When I was 12, my brothers and I would go fishing using our grandfather’s pale green, 14-foot aluminum boat. We’d haul it in the back to our father’s tiny S10 Chevy pickup. When we got to our northern Minnesotan lake of choice, my older brother would take one side of the boat, my little brothers Anthony, Joseph, and I would take the other, and we’d hoist that boat shell out of the bed of the truck. After setting it on the ground and then sliding it into the water, we’d then grab the 7.5 horsepower engine, mount it to the back of the boat, grab our rods, tackle, bait, snacks, load everything up, and hop in. Then my older brother would yank on the engine cord a few times, get the engine purring, and off we’d putt-putt-putter along the water to our favorite fishing spot.
Twenty years later, I’m walking along the edge of giant Lake Nyasa in southwestern Tanzania, East Africa. I’m watching the men prepare their boats for hauling in a catch of freshwater fish. But the similarities between them and my experiences end here.
Tanzanian men of varied age prepare nets—not fishing poles. They ready their boats—not of aluminum or fiberglass, but wood. And it’s a single piece of wood—a section of a large tree trunk hollowed out with manually-operated tools. Chip, chip, chip, goes the man tap-hacking away slices and slivers to hollow-out and shape the body of the vessel.
I saw this man making a toy boat with the same method:
The fact that they actually make the boat represents the biggest schism between the life I know and this life on display.
To me, an aluminum boat would be advantageous in every way–stronger, lighter, longer lasting. I was told their boats only go a few years before starting to look like the one in the picture above.
Water damage means patchwork.
But I also thought about how this method and craft is a vital a part of this fishing culture. And for these guys to start using an industrially-made boat would mean undercutting their tradition–a system they’ve had in place for who knows how many generations and one that casts a wide net to include such aspects of culture as the time-consuming creation of the boat itself, their appearance and style like how American men might compare cars, and the methods for locomotion and fishing. As inefficient as I might consider their system, all this would need to be forfeited. I had to appreciate that development would come at the expense of this way of life.
I also appreciated and better understood, by comparison, the “American way,” where immigrants from all over arrived from their own boats for a fresh start, and with that, a willingness and ability to set aside tradition and custom in favor of efficiency and productivity. The culture was still in the method, but not in a static ways of farming, cooking, clothes-making, etc. The method was in ever-changing the methods for quicker, stronger, more output. Culture became disconnected from the task and attached to the result.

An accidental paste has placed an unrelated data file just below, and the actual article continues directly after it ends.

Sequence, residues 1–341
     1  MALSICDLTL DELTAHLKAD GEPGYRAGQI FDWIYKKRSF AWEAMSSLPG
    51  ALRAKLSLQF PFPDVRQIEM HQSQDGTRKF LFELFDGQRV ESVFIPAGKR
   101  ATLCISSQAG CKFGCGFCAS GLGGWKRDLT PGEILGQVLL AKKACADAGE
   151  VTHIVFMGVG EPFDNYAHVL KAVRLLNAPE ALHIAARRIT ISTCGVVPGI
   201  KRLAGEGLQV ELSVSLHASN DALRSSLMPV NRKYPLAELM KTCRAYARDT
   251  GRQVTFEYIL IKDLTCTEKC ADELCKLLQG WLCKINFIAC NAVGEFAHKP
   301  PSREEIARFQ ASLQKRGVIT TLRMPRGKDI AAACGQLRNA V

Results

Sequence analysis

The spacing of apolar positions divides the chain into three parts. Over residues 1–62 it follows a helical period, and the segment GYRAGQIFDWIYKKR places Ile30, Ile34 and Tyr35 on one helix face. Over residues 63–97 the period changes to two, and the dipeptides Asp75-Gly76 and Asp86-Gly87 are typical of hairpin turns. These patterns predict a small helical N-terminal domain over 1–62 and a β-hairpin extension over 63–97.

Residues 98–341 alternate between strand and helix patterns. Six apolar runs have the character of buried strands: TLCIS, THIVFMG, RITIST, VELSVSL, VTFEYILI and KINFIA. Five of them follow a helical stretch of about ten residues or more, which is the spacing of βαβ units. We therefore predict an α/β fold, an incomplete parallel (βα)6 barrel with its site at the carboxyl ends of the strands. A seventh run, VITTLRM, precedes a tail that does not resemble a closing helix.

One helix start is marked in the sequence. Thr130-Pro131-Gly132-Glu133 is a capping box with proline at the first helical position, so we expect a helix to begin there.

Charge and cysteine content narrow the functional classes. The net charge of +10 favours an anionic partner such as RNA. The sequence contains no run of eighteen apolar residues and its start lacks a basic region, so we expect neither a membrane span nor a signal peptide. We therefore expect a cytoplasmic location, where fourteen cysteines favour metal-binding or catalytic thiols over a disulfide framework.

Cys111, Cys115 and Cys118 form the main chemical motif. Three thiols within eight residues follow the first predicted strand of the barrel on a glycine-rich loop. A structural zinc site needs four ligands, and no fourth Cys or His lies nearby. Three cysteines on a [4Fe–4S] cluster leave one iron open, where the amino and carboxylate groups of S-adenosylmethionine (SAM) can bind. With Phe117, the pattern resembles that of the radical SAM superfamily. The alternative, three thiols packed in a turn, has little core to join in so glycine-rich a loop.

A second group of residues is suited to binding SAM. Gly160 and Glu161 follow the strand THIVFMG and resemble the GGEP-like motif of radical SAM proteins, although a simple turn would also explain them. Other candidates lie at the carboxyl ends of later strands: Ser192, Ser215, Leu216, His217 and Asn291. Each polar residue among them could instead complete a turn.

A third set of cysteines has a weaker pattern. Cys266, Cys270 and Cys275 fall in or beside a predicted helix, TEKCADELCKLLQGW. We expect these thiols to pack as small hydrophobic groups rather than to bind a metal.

That being said, and inspired by the example of the fisherman before me here at Lake Nyasa, I realized we Americans do appreciate that the task can become a precious aspect as well, despite it not being the most efficient. We don’t carve our boats or sew out own clothes, but many American families prefer to take the hours necessary to prepare their Thanksgiving meals. Buy my mother all the pre-made food from the store, and I’m not so sure she would be happy come Thanksgiving morning. There’s a pull to finding meaning and comfort in tradition. There’s a warmth to connecting history and ancestry and culture to a task. Having these tasks suddenly done by machine or hiring out supplants that warmth in favor of cool efficiency.
That’s not so much the case in southwest Tanzania.
Another difference between fishing here and what I know is that the men here go out late at night and return in the early morning. Thus, when I awoke my final morning in the village of Matema Beach on shores of Lake Nyasa, I was able to step out of my guesthouse and see the results of a hard night’s work.
Rise and shine.
I walked along the shore past scenes of post-catch activity.
The equipment worked to bring in a haul.
Some fisherman sold to gathering villagers by the heaping five-gallon bucketload. Other fisherman laid their catch out in the morning light.
The smaller fish were laid out to dry.
Not all were laid out on nets.
While parents took care of business, children hung out with one another.
The homes of these villagers sat just beyond the beach.
This village of Matema Beach is a product of the fishing and small-scale farming producing income and bringing people together. As discussed, tradition and productivity can run counter to one another. And as evident here, the traditional ways are dominant.
Americans have been ones—by situation and character, I think—to favor productivity regardless of what might be lost in the process. As a result, we’ve gotten rich, but wage a constant cultural battle with critics pointing our how apt profits come before people.
We are a people who do put less meaning in tradition than other societies. Though I fondly look back at our childhood fishing routine, there’s no way we’d fish that way today. Just this last summer in fact, my older brother bought a fancy new fishing boat for his family. The fishing tradition continues. It’s just nice to be able to not have to lift the boat out of the back of the truck to do so.
After this morning, I packed up and readied to leave Lake Nyasa. My week-long excursion to southwest Tanzania was over. Time to get back to my “real” life. School break was ending; students would be returning; I had to get ready for daily life teaching computers back in the village.